“As soon as we finish
we want to be
(from “Amendment”, p. 10)
The Constitution is a book of lessons, a book of learning how to become one with what is known and unknown. The first epiphany: that we each have our own body. We are individual. The second: that we must understand it. To Foley, our body is a universal placard of self-definition. What is health? What is our constitution? By coming to know our limits and our place in the world, we know our humanity, our personal composition. “As soon as we finish / we want to be // understood again” says the first Amendment, and so continues an enduring loop of self-examination. The body of the self, in the case of Foley’s book, is represented by the book and its speaker’s curiosities: namely, how is it to exist and to be okay with our own health and stability?
In “Object Lesson,” “more than / one angry Achilles / is made into // ideal values / drenched in heroics / finding nothing / but the hope worn.” Foley explores existence through shadows of experience. Here the source is a myth, but one broken (through the line) into mindful fragmentation. The breakage is subtle, yet amplifies rhythm, like lungs breathing, like the skeleton’s individual bones creaking, and it shows us a world of slow, often depressed movement. Like a ghost, The Constitution’s speaker takes us on a path of strange cause and effect.
Filled with crisis and vision, The Constitution’s speaker moves from impression to impression, trafficking in dark, even nihilistic, semantics. One poem is titled “You Are On Fired.” Many more upend expected syntax: “so teeth we can’t touch / without dismantle” and “to tongue the empty longitude.” Each of these is engaged in the process of knowing more of what we are. What I thought was a ghastly hopelessness during my first read of The Constitution became a transformative, inspiring process, an amendment of earlier conclusions. Within the book itself, each “Amendment” (there are fifteen total) reflects new assertions about language in a world that is frequently unknowable and dark. One reads:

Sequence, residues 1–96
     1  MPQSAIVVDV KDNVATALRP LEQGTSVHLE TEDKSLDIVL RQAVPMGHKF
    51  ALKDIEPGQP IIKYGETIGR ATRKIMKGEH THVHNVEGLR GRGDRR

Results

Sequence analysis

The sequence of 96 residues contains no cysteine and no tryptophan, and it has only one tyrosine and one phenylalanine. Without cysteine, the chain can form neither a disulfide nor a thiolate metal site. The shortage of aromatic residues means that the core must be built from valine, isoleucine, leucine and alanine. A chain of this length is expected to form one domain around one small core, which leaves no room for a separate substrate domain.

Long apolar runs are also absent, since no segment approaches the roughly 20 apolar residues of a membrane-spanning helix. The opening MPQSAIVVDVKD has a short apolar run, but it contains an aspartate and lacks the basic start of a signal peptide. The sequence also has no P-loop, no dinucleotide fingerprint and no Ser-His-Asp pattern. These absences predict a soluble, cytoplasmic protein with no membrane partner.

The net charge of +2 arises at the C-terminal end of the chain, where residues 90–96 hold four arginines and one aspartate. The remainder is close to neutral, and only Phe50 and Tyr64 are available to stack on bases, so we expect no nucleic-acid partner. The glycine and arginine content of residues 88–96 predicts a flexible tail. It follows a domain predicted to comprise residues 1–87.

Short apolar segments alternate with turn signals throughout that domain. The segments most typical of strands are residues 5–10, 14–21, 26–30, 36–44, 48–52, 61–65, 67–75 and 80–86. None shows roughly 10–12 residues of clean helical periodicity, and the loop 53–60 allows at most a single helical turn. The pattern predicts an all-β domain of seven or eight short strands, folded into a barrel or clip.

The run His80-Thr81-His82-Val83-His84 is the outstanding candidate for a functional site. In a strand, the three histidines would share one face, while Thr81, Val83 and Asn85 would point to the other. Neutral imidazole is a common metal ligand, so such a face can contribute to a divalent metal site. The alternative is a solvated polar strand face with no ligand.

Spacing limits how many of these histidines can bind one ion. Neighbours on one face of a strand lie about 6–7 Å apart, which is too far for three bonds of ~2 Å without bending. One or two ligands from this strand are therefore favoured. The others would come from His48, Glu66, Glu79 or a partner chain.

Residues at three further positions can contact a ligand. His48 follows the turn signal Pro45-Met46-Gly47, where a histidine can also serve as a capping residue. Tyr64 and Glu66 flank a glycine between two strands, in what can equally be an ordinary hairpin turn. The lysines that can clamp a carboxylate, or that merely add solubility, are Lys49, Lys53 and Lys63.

What you can
Won’t feed on
(from “Amendment,” p. 35-36)
This poem could easily be a statement on the valueless eternity of our ephemera. But the world is vast and our impact on it may in part be very minimal. So we must allow “live / like live” as mantra to keep ourselves afloat. We must allow that which is to continue to be. Foley’s world is a world of speakers who own their “self” and their “identity” but only through a thorough disavowal. But that act of disavowal is the result of awareness. It is a process as spiritual as it is material. Through the Amendment process, we are being invited to improve upon prior fatalism. We are asked to make a judgment on our own perception, on our being. Though the damnation of the world may result in a darkness that depresses us, we must first come to know that darkness.
The tension between what draws us in and pushes us away animates the agonizing beauty of The Constitution. Foley’s book is more than an echo chamber or a textbook where you are invited to learn through the actions of his speaker. It is a blueprint for your own journey. Foley offers smokey, cryptic lines that invite the challenge. There is a distance that comes through individual quirk and mystery. In “Free Radicals,” the tone is almost goblin:
the eye that puckers
the eye half
my own fault
(from “Free Radicals,” p. 40)
We would never speak these lines. They are the lines of the synapse, the charges of the brain as we fall receptive to action. Foley’s speaker is a Cursed Poet, a poet whose writing shimmers with the hope of the known as long as you look, and as soon as you stop, shift the pressure, his work explodes in a new direction. Repetition of this perception is the basis for Foley’s reality, or what he claims as reality: it is a space of tweaks, morphs, and rifts. In “Picador,” “shadow invents / a sense of say nothing,” calling upon the need to be mindful in nature—though static in its presence—in order to maintain stability amidst darkness. But at the same time, his speaker is filled with the tragic inclination to never sit still. I empathized. Entropy is a golden constant. We are constantly giving ourselves up. We are “Shaped / by unattempt.” Foley’s poems teaches us how we give ourselves up—and why.
Greg Bem is a poet and marketer living in Seattle, Washington. He works at the North Seattle College Library and co-curates the Breadline Performance Series.